The Ethnic Entanglement: Conflict and Intervention in World Politics

The Ethnic Entanglement: Conflict and Intervention in World Politics

The Ethnic Entanglement: Conflict and Intervention in World Politics

The Ethnic Entanglement: Conflict and Intervention in World Politics

Synopsis

The ongoing reconstruction of world politics following the collapse of Soviet and Eastern European variants of communism have seemingly unleashed the power of ethnicity with a vengeance. Stack, Hebron, and their contributors explore the concept of ethnicty in international relations, seeking to address this most destabilizing, yet ubiquitous dimension of the emerging new world order.

Excerpt

Lui Hebron and John F. Stack, Jr.

From Francophone Quebec to Casamance in Senegal and from Mindanao in the Philippines to Derry in Northern Ireland a seemingly new wave of ethnic nationalism is sweeping across the globe. That the intensification of ethnic-based conflict occurs not only in Asian and African states but also in Western Europe and North America, regions generally considered to have "triumphed over" ethnic differences, would indicate that the existence of the problem is not confined to any area (Horowitz, 1994: 175-178). Indeed, the pervasiveness of ethnicity and ethnonationalism is now a central issue which all states must increasingly confront in this newly evolving world order. the ramifications of ethnic-based conflict have the potential for escalating into international crises that may well define the post-Cold War international system. That the dominant paradigms of international relations and comparative politics continue to discount the power of ethnicity is one of the central concerns of this book.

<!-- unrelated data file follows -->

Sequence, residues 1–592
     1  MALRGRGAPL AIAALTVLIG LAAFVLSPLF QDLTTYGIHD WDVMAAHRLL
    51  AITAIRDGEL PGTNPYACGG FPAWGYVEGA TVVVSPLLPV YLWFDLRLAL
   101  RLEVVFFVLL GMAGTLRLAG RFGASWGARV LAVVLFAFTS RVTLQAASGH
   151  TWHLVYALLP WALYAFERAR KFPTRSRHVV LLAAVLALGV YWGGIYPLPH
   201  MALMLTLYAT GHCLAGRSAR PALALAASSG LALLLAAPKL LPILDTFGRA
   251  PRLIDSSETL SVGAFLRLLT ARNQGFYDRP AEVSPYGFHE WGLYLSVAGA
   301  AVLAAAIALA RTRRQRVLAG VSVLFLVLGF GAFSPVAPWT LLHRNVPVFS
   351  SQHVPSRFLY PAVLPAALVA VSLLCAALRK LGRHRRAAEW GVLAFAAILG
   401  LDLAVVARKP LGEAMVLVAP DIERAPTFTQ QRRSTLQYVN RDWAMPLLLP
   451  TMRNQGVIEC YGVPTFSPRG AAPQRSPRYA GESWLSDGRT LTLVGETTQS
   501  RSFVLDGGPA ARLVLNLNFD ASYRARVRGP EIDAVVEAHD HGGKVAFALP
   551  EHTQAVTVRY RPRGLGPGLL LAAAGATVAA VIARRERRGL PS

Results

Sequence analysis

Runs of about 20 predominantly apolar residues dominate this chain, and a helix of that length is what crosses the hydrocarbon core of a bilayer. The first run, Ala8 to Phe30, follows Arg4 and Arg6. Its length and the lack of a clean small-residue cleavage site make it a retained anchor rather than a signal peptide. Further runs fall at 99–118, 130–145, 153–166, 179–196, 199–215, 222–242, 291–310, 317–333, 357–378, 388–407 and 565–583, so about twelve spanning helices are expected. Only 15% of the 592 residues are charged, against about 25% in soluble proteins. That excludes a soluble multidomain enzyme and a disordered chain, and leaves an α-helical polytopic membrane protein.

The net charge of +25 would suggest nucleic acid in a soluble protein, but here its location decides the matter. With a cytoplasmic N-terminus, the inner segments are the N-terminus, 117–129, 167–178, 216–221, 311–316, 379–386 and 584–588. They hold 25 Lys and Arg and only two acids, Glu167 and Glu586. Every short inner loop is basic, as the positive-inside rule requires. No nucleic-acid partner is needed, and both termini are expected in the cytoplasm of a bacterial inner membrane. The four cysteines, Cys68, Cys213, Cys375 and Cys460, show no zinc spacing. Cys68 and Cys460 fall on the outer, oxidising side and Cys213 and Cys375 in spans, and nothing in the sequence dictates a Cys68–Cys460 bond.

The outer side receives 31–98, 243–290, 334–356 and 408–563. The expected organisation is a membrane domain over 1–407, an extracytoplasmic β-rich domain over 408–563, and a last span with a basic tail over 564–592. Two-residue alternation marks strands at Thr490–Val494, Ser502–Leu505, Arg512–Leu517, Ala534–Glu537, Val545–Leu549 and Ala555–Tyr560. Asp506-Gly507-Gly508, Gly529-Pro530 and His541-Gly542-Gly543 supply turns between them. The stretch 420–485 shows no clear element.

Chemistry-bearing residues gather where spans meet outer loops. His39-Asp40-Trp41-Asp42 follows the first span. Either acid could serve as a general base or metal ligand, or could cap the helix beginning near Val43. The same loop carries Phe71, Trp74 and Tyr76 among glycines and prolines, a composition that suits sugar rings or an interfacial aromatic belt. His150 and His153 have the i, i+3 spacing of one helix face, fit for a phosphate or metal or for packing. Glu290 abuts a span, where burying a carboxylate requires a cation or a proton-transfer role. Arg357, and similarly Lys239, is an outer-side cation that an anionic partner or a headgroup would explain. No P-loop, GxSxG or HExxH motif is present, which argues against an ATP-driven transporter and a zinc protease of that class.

The resurgence of ethnic consciousness and the growing scholarly interest in ethnicity appear to be due to several factors. First and foremost is the increased concern over the loss of legitimacy of the state in international politics. the legitimacy of national regimes is undergoing progressive diminution due to the ability of ethnic groups to generate not only participation and solidarity but also passion and instability. the result renders many governments less effective in processing ethnic-based demands. the ineffectiveness of governments fosters, in turn, increased movements toward greater ethnonational and ethnic-based differentiation (subgroupism) (Rosenau, 1989: 22-23).

Confidence and receptiveness about regime legitimacy have long been acknowledged as a critical factor in domestic and international system authority. the resulting strains between and within national systems may, in a number of ways, have engendered a global crisis of authority in world politics that imperils . . .

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